As romance goes, the cross connection couldn’t be more appropriate. Vocalist Carmen Cuesta celebrates bossa nova, that elegant blend of Brazilian song and North American jazz. Mi Bossa Nova (Tweety Records, 2011) is a collection of 11 titles, seven of them written by renowned Brazilian composer Antonio Carlos Jobim.

Cuesta’s core accompanists are pianist Matt King, drummer Brian Dunne , percussionist David Charles and her husband, guitarist Chuck Loeb, who also plays keyboards and, on selected tracks, bass. Bassist Christian Diener appears on several songs.

“Jobim” is Cuesta’s tribute to the artist whose music provides the deepest inspiration for Cuesta. Cuesta’s blends well with the flutes. The lyrics provide hints of Jobim’s great songwriting, mentioning locations like Copacabana, Ipanema and Corcovado, as well as the “waters of March.” The song features flutists David Mann, Christina Loeb and Lizzy Loeb.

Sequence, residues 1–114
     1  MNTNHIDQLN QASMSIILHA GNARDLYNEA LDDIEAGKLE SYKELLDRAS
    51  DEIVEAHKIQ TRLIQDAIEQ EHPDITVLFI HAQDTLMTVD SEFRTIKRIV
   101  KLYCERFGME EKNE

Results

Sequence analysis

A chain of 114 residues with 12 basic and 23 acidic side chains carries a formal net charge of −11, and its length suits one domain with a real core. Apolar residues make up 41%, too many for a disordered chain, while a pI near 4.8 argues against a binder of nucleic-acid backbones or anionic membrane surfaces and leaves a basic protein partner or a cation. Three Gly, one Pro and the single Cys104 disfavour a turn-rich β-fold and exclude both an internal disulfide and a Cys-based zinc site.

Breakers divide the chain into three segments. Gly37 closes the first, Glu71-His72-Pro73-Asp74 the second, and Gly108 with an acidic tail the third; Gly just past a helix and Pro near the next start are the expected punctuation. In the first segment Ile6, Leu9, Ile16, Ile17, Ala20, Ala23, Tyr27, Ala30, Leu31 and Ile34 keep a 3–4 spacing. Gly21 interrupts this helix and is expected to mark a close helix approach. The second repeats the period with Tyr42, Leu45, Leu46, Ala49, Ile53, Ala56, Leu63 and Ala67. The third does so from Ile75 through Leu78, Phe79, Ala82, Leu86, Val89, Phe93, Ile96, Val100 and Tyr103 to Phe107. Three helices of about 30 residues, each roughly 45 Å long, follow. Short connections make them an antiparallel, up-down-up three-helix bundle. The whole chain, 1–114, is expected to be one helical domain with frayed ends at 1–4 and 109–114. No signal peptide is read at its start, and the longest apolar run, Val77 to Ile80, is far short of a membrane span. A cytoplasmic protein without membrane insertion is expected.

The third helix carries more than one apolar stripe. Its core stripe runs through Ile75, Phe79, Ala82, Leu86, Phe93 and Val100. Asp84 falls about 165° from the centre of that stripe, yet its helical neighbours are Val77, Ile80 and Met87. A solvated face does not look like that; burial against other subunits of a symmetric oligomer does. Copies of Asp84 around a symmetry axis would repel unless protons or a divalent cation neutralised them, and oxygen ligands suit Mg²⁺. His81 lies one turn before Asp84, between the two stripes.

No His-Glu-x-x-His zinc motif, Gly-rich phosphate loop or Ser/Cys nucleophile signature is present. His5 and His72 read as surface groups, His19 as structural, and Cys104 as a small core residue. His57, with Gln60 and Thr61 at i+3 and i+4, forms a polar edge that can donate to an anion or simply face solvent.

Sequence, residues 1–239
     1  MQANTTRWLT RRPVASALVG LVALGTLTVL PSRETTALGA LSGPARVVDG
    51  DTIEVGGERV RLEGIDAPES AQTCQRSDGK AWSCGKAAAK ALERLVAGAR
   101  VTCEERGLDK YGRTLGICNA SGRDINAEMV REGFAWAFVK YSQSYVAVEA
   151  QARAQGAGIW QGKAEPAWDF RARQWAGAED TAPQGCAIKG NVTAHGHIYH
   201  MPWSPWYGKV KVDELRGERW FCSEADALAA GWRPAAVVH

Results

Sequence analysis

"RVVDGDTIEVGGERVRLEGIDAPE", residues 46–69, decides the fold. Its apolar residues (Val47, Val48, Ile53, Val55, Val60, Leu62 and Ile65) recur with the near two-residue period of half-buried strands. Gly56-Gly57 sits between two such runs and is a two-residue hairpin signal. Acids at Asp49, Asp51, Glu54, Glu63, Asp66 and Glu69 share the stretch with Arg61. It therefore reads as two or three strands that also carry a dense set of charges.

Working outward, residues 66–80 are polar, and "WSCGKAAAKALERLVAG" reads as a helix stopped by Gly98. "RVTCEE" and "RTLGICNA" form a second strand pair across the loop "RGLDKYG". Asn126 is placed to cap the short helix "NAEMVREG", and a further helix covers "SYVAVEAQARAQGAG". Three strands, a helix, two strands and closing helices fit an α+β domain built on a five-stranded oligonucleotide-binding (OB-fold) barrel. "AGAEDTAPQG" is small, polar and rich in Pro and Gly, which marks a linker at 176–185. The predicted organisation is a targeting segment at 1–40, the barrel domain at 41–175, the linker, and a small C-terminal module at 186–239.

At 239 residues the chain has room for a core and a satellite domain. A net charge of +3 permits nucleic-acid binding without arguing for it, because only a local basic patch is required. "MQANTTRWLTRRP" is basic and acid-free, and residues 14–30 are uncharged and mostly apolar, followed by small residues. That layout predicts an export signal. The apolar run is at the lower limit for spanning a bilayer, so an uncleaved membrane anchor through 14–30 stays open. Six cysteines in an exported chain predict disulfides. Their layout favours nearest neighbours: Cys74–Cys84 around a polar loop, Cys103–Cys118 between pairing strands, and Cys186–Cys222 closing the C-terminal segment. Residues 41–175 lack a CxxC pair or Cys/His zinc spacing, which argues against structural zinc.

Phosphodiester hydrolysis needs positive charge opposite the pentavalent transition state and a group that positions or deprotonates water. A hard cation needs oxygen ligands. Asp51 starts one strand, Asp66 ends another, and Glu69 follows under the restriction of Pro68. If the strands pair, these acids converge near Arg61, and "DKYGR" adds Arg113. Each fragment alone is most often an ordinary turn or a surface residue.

Howard Levy provides the harmonica for “Tormenta,” a charming, yet brooding appeal for the rain to wash away the sorrow. Levy provides fills after vocal phrases and also has the middle solo. Though the lyrics are sad, the melody is lovely.

Born in Madrid, Spain, Cuesta fell in love with bossa nova upon hearing the Stan Getz/Joao Gilberto/Astrud Gilberto recording of “Girl from Ipanema,” recognized by many as the definitive song that popularized the style. In 1979, she met Loeb, who was touring with Getz. When the couple married, Getz was the best man. Over the years, Cuesta has accompanied Grover Washington Jr., Michael Franks, Gato Barbieri, Peabo Bryson, Earl Klugh and many others.

The inspiration for Mi Bossa Nova came during a 20-show tour of the U.S. East Coast, during which Cuesta and Loeb performed the music that brought them together.